Musical Counterpoint To The Hypothetical Humorous Aspects Of iPhone Pricing (And Other Things)

Putting aside the HD-DVD AACS hoopla of the past couple of days the news have been rather boring, so I decided to put a little (musical) spin on things.

No, I won't post the AACS key - I find it rather childish to do so, actually - "sticking it to the man", whatever "the man" is these days, is sooo 70's, and I've never been a hippy of any sort. The Streisand Effect on Digg was fun to watch, though.

Ain't Dell a Shame

(with apologies to Fats Domino)

The "Ubuntu on Dell" frenzy is doing the rounds, but I can't see that lasting - it feels more like a nice, handy (and cheap) club for Dell to threaten Microsoft with than true "diversity".

Remember, kids, Vista came with a new set of rules for OEMs, and although I lost track of the details, I wouldn't be surprised if Microsoft got the better end of the deal.

Dell is just playing Linux against Microsoft for a while, to see if it sticks. After all, what hardware manufacturer wouldn't love a good argument to sell more, pricier hardware?

Riffs on the iPhone

But on the Apple realm, things have been quite a bit more interesting. For starters, it's nice to see that John Gruber, besides taking on Ballmer, has made a lasting impression in Apple culture. The "Translation from PR-Speak" meme is probably one of the funniest things around these days...

His piece on the iPhone pricing (and Ballmer's view on it) bears some reflection. Here's a quote that a lot of people really ought to wrap their brains around, and that echoes my own feelings on the topic -

Why worry about the iPhone’s appeal to corporate IT? The iPod isn’t marketed to businesses and Apple has sold 100 million of them. The iPod is marketed to people, and the iPhone is, too. RIM sold 2 million Blackberry devices in its most recent quarter; Apple sold 10.5 million iPods in the same period.

I'd quote him regarding the iPhone's price as well, but that has always been pretty much a (non)-issue to me.

Suffice it to say that, say, an N95 costs around as much, and that a decent Windows Mobile smartphone is clearly on the same ballpark - whoever wants to challenge this notion with random figures fished out of a Google search should take a good, close look at operator subsidizing models, permanence contracts, and the like.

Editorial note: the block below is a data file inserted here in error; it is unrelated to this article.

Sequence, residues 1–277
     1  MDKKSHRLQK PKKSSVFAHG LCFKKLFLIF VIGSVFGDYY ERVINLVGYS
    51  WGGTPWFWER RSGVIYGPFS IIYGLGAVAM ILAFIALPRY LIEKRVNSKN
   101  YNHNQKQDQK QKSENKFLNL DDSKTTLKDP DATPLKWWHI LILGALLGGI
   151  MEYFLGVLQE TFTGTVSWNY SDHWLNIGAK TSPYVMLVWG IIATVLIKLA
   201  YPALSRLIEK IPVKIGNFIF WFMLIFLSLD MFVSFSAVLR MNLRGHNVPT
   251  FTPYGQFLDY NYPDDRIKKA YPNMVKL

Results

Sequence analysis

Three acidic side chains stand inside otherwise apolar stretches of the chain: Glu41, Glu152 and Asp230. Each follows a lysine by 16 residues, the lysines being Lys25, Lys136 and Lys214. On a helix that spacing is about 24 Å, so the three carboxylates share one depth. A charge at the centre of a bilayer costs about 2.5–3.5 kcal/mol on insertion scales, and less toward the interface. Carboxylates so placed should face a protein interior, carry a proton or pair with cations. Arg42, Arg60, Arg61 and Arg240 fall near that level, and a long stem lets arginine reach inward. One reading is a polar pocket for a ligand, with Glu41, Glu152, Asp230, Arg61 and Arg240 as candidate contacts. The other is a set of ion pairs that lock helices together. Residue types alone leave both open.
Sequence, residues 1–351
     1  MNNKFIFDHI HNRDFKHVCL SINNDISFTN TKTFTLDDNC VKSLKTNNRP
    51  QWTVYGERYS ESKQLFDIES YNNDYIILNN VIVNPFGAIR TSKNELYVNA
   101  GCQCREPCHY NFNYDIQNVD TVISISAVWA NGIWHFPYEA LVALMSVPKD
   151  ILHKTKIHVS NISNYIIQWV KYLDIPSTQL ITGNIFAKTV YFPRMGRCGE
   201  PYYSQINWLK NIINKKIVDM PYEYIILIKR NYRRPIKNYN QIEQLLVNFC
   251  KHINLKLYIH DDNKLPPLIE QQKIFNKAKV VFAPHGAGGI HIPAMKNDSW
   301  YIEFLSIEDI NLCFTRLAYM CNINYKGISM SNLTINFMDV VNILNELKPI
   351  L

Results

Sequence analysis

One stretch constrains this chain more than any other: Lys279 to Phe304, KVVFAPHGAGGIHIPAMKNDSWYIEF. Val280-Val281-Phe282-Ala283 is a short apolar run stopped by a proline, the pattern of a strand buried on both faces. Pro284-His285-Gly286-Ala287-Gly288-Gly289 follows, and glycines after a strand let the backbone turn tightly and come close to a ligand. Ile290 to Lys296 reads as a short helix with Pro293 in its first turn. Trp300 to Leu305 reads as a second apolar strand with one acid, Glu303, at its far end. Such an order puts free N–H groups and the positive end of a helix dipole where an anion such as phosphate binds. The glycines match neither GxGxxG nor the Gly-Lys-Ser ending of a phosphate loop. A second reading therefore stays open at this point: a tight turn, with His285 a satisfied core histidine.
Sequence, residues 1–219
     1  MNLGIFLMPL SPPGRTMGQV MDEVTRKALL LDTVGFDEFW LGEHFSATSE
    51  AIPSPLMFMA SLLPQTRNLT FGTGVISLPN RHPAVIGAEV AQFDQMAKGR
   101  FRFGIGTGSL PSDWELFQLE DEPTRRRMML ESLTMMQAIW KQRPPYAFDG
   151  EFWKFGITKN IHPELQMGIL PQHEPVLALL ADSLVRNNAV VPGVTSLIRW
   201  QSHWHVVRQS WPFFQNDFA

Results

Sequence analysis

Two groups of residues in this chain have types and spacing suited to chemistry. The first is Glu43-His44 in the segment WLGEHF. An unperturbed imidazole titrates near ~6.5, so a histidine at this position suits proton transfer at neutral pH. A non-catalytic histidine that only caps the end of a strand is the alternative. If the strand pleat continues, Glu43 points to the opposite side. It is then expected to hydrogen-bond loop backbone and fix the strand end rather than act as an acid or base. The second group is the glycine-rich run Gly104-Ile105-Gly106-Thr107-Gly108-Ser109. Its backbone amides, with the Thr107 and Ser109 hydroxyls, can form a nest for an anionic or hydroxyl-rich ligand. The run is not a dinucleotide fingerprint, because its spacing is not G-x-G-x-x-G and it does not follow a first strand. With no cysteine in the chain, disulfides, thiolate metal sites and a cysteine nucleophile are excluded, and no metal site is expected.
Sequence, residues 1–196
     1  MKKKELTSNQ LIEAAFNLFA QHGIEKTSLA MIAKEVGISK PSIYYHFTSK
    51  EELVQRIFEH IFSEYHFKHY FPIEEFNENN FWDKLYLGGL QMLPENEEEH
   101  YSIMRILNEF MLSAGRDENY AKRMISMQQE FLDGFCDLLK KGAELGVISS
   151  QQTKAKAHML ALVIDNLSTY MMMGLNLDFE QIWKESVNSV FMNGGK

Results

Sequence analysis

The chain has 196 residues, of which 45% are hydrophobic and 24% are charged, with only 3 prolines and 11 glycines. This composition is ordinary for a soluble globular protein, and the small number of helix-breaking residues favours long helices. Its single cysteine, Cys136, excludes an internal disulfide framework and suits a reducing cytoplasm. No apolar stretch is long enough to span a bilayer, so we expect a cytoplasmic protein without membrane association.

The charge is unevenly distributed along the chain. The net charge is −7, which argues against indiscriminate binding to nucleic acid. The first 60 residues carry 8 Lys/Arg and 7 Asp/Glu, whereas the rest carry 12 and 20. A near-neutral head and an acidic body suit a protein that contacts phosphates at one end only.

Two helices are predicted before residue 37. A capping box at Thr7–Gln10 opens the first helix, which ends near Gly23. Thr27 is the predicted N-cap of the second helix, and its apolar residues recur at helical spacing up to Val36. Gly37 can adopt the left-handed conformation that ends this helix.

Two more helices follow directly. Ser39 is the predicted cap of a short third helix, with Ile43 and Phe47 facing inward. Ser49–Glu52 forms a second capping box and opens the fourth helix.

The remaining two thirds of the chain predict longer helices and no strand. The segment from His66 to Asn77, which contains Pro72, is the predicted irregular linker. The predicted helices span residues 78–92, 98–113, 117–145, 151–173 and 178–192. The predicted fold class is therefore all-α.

In short, whoever disses the iPhone on price alone simply doesn't know one whit about the mobile business. Microsoft, in particular, really ought to know better (in all senses).

Ain't No Price High Enough

(with apologies to Diana Ross)

But putting that aside for the moment, here's a neat little Marketing axiom for your consideration -

Price is a balance between the size of the market you want to start with and the overall revenue you aim for.

Like the iPod before it, the iPhone will start out as a high-end purchase and percolate downwards - moving from highly desirable to barely affordable in the process, and generating a bundle of cash for Apple.

Probably not in the same league (i.e., gross margin) as the iPod (since phones have more expensive innards in general), but surely enough to break even.

And, in case Ballmer hasn't noticed, Apple is doing a lot more than breaking even. Here's a quote from the latest issue of ATPM that drives home that point and summarizes a lot of things very neatly (emphasis mine) -

During the first calendar quarter of the year (Apple’s 2nd fiscal quarter), Apple shipped 1.517 million Macintoshes worldwide. During the same period Apple shipped 10.549 million iPod digital music players. The combined sales activity contributed to the most successful 2nd fiscal quarter in the company’s history. Revenue totaled $5.26 billion and net profits reached $770 million dollars. Gross margins, due to falling component prices, were an astonishing 35.1%.

If that isn't breaking even (and plenty of breathing space for launching a first generation of iPhones), I don't know what is.

Whole Lotta Shakin' Goin On

(with apologies to Jerry Lee Lewis)

And with that out of the way, I'll just skip to the really good bit on John's piece (as far as I'm concerned) -

Microsoft, Palm, Motorola, Sony, the other phone carriers (and maybe even Cingular, too) – the executives running these companies clearly have no idea how much the software user experience matters when you’re trying to create a gadget with iPod-like appeal. If they did understand, they wouldn’t have spent the last decade selling phones with such crummy UIs.

Having been on the inside for most of that last decade, I'd say John is spot on - except, of course, that there are very notable exceptions.

But it's pretty obvious that the iPhone has shaken a few trees here and there.

I'm sure a lot of people will have their own ideas about this - for the moment, I'll keep mine to myself.

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